Unlike ServiceBusHandler, EventHubHandler has to deal with the entire overall rate of 1K events/sec and doesn’t seem to be able to cope with it, so the event’s TTL slowly grows (e.g. on the picture above it is already ~2 minutes behind).

To resolve this particular bottleneck in this particular scenario you could increase the batch size for your Event Hubs Trigger, so that your Functions instance can pump the stream faster. Remember though, that this streaming speed is still limited to 4096 events/sec per each Throughput Unit, and that the amount of Throughput Units is limited to 20 per namespace (unless you go for Dedicated Tier). A more generic workaround for Event Hubs would be to implement custom event routing/filtering with e.g. Azure Stream Analytics or Azure Functions.

Lesson learned: never follow the White Paper, aka never make architectural decisions based solely on naming/nomenclature/taxonomy. Try to anticipate as many functional requirements as possible and match those with specific features of chosen instrument/platform. And of course, don’t forget to try it with your own hands first.

False assumption 3. “Not only Event Hubs are bigger (whatever it means), but they also still guarantee event delivery (aka reliable). So we choose Event Hubs.”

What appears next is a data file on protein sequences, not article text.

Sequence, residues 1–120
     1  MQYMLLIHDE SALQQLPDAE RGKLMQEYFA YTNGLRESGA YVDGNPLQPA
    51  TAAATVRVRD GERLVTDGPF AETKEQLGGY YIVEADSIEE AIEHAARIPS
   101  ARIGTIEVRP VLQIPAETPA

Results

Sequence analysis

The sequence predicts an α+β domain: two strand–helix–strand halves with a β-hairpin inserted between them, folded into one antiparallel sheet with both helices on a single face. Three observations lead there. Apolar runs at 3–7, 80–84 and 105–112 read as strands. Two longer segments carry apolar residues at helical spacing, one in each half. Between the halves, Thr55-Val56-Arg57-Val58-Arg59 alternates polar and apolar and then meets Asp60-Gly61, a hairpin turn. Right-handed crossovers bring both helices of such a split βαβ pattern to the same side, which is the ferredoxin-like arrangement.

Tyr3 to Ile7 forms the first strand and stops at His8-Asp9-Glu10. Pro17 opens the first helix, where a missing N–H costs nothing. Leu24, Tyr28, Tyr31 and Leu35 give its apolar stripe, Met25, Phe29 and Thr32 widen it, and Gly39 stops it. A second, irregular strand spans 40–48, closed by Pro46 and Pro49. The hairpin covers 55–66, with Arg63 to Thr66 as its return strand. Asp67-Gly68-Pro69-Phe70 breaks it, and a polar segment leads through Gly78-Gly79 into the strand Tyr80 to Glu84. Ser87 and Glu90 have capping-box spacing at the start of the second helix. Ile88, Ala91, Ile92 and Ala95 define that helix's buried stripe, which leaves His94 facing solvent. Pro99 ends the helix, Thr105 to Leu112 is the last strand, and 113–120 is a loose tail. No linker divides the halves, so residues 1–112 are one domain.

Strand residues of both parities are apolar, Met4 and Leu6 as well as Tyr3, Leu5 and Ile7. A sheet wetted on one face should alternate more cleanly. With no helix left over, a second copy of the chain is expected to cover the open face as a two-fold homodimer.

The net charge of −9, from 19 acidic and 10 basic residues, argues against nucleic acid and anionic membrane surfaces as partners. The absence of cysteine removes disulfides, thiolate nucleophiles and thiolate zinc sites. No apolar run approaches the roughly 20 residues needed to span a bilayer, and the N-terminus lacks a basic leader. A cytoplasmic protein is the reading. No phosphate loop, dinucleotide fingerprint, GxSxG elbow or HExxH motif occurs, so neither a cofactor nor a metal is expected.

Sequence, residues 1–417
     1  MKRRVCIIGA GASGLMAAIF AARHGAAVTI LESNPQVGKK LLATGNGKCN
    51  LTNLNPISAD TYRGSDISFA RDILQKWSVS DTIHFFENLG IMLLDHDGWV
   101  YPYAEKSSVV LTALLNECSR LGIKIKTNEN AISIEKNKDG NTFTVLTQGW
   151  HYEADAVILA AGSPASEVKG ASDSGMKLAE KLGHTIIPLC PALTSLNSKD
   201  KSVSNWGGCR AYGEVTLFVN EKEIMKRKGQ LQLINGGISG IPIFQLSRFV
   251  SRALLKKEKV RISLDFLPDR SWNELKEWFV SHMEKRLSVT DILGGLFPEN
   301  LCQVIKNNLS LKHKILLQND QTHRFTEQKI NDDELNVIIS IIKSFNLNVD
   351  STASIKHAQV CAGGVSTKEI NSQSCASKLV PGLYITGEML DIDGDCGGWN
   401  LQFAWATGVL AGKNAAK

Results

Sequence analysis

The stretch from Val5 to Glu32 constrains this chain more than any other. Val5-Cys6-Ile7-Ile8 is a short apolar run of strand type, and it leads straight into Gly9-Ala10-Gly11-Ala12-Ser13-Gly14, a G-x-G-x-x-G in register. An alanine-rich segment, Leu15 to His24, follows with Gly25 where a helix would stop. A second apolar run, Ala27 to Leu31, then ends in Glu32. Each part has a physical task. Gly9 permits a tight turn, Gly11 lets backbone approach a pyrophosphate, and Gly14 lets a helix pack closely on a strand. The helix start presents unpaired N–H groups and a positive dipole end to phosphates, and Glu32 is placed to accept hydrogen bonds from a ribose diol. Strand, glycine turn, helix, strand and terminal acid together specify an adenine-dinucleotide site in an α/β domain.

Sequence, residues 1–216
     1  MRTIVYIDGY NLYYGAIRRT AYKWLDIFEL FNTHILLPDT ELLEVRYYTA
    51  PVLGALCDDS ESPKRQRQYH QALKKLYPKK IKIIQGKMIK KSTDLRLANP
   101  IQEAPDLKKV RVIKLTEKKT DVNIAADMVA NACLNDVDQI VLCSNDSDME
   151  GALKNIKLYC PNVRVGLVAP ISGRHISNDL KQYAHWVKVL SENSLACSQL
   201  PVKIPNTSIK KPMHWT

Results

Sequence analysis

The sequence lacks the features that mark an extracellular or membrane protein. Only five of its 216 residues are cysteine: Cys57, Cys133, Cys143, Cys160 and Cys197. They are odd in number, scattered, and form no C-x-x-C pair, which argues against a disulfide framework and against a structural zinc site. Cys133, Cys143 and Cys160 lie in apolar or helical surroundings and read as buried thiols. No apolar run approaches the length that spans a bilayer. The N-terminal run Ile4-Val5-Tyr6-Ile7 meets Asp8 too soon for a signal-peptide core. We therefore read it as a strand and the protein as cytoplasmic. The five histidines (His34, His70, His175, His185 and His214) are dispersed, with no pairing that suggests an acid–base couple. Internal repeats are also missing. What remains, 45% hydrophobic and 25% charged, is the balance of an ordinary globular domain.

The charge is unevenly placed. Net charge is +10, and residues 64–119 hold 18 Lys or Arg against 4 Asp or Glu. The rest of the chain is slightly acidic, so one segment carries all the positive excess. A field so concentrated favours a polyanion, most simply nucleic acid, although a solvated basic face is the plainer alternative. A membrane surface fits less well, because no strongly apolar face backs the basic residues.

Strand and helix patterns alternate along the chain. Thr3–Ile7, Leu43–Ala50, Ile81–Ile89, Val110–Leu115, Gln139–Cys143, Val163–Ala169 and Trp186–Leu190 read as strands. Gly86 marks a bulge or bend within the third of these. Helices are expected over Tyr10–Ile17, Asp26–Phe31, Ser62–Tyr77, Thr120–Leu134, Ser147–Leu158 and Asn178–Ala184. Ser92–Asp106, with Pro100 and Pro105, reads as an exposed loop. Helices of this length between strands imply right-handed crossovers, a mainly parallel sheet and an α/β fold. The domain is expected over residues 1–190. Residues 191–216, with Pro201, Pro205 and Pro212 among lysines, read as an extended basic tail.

Consider the following simple math. You have a constant ingestion rate of e.g. 100 events/sec and a processing pipeline built with Event Hubs, which is perfect in any way except that your event handler intermittently fails and needs to be retried in ~0.5% of cases (that’s in fact a pretty good reliability number of 99.5%). Under this circumstances, what the resulting processing rate could be?

Before saying that it should be exactly 100 events/sec no matter what, remember that Event Hub messages are expected to be processed in batches of some significant size (otherwise the whole purpose is defeated). And the only way to retry a single message in a batch is to retry (or more precisely, to skip checkpointing) the entire batch. So if we set this batch size to e.g. 256, then the probability for a batch to be successfully processed will be as low as (0.995 ^ 256) * 100% = ~28%. Which means, that roughly 2/3 of batches will need to be reprocessed, which increases the required processing rate (aka how fast your processing pipeline needs to be to keep up with the pace) to ~172 events/sec. Still not too much, right? But let’s see how it all behaves in reality: